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An elaborate ceremony I have been to - A Hindu Wedding

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An elaborate ceremony I have been to A Hindu Wedding In Hinduism marriage is not just the joining of two people, whose souls are brought together mentally and physically, but of two families. There are sixteen sacraments that must be performed whilst a Hindu is alive to make the life of the individual prosperous and noble, one of these is marriage. Many Hindu wedding ceremonies follow the same sequence of events, whether it is an arranged marriage or not. I went to the wedding ceremony of Anika Shah and Arun Patel. Many events happen before the main wedding ceremony. The engagement ceremony, which in Hindi is called a 'Sagai' is when the brides relatives visit the grooms house and perform a basic ceremony, in which they accept the boy to be engaged to the girl. Next a similar ceremony is performed at the bride's house by the groom's relatives. The couple are now officially declared 'engaged'. After this they would seek to be legally married at a registration office. It would be here that their wedding rings would be exchanged and an official wedding certificate would be signed and witnessed. The Hindu priest who is likely to carry out the ceremony decides the date of the wedding, using the Hindu's religious calendar. ...read more.


Red and gold cloths with elaborate patterns on them covered it, these must have been hand embroidered, and incense had been kept burning in the front two corners. Two antique gold coloured chairs were placed under it for the bride and groom. At the centre of the Mandap is the sacred fire, which had already been lit and was roaring in all its holy glory, the fire was contained in a large bowl, it is the most important component of all Indian Ceremonies. The bride's family were already at the hall as the guests began to arrive to greet them, adult females were dressed in Sari's, and us young girls wore an Indian outfit consisting of a skirt and matching top adorned with mirrors and beads. The men wore a Kafni (a long shirt extending to the knees) with pijamo (leggings), this is also what the groom would wear, no one wore any dark colours such as black because weddings are joyous occasions. Anika was wearing a stunning red and white sari, draped modestly over her hair, along with plenty of gold jewellery, bangles, anklets and earrings that joined to a piece in her hair, which was done up in a bun entwined with fresh white flowers. ...read more.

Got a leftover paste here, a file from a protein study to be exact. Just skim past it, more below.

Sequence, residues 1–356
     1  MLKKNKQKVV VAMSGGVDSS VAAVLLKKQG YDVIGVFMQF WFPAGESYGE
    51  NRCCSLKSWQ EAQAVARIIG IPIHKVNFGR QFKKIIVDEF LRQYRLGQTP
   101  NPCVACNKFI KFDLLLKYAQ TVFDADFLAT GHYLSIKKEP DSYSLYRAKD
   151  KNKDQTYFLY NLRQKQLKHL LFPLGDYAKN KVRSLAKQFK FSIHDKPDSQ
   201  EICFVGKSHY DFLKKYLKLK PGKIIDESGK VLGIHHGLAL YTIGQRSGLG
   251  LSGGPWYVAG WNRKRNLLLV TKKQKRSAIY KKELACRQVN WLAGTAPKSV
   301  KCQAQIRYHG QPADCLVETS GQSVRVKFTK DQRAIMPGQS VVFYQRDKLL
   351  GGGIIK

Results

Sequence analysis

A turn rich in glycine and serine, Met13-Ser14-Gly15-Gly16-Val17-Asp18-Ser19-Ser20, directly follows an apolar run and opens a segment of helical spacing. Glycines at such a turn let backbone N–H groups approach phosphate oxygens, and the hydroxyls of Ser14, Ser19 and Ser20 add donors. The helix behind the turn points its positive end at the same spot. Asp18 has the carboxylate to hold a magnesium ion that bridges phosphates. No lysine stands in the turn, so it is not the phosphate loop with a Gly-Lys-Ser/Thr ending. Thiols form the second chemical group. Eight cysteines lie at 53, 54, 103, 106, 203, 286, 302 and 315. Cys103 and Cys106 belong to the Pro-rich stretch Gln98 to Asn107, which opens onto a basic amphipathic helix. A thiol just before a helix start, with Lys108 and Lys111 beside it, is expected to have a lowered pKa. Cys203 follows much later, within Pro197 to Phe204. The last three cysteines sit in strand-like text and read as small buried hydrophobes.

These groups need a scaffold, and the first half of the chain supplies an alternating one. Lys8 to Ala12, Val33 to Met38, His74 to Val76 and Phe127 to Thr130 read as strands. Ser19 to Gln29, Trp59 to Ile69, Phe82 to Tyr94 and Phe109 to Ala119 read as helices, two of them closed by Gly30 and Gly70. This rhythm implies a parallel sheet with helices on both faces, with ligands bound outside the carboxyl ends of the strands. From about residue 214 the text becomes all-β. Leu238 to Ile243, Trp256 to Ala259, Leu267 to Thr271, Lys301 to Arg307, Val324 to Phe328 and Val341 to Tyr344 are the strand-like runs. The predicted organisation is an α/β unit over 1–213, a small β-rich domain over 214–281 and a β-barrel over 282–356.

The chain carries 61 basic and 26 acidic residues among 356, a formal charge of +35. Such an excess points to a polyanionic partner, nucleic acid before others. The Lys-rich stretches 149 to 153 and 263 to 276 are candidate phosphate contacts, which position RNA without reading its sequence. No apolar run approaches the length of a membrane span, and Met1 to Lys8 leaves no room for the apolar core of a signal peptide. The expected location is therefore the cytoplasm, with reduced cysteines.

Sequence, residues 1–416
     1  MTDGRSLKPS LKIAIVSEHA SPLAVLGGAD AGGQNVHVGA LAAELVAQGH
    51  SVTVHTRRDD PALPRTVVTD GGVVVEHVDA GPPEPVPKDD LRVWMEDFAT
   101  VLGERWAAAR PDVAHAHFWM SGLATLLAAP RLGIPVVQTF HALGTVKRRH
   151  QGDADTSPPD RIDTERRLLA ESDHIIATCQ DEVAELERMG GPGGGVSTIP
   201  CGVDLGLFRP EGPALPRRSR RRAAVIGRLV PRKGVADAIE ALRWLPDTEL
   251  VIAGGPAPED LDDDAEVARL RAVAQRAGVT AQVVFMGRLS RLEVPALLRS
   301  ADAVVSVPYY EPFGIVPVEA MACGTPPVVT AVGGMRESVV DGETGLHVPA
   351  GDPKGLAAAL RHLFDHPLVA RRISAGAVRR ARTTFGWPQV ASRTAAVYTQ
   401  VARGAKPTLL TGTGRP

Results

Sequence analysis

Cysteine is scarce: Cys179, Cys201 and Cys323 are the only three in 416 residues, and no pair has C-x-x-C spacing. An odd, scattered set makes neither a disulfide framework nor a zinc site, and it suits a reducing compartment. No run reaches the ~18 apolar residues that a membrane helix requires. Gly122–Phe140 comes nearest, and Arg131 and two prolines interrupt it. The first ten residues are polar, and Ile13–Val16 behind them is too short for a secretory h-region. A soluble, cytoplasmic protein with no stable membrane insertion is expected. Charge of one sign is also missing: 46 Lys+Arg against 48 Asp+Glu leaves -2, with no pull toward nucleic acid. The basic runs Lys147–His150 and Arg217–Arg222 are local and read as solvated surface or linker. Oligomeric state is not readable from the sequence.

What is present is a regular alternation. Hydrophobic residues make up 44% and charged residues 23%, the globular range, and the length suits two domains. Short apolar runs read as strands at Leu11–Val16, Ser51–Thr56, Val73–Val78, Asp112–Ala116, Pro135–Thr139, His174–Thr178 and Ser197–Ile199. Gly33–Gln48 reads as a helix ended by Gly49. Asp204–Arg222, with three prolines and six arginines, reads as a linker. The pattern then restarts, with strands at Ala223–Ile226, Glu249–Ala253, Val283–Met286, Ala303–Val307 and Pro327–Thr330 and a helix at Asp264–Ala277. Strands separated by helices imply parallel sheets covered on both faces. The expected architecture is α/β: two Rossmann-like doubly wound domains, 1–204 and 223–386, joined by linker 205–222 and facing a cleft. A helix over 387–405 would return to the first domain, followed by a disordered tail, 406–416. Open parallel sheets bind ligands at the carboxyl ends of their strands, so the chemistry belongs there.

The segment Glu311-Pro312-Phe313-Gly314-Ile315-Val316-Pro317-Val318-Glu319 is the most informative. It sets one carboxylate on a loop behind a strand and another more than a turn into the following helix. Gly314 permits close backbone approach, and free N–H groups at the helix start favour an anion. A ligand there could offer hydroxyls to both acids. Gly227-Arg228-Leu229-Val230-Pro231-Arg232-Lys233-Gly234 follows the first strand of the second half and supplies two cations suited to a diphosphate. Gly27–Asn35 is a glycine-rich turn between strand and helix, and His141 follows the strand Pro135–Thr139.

The couple were joined together by a holy thread and held hands as they did this. You could see the happiness in Anika and Shivagi's faces beaming out. Each step they took symbolised in this order food, strength, wealth and prosperity, good fortune and wisdom, children and fertility, the seasons and the enjoyment of pleasures and finally for the seventh step a close union and everlasting friendship. Whilst standing the groom put some vermilion in the parting of the Anika's hair, the powder represented the life giving blood that flows in all of us. He then gave her an auspicious necklace called a 'Mangalsutra' to signify their marriage; this is made of gold and glass beads. Finally the priest offered ghee into the sacred fire thereby completing the wedding ceremony, and for the last time blessed the couple for there future together. It was also then that we, the relatives and guests could great the newly married couple, and shower them with our blessings of usually flowers and rice. Watching such an elaborate and time taking event is truly wonderful. The extent of effort that is put into any Hindu wedding that is similar to the one I have described is without a doubt evident. Geetika Shah English literature Coursework ...read more.

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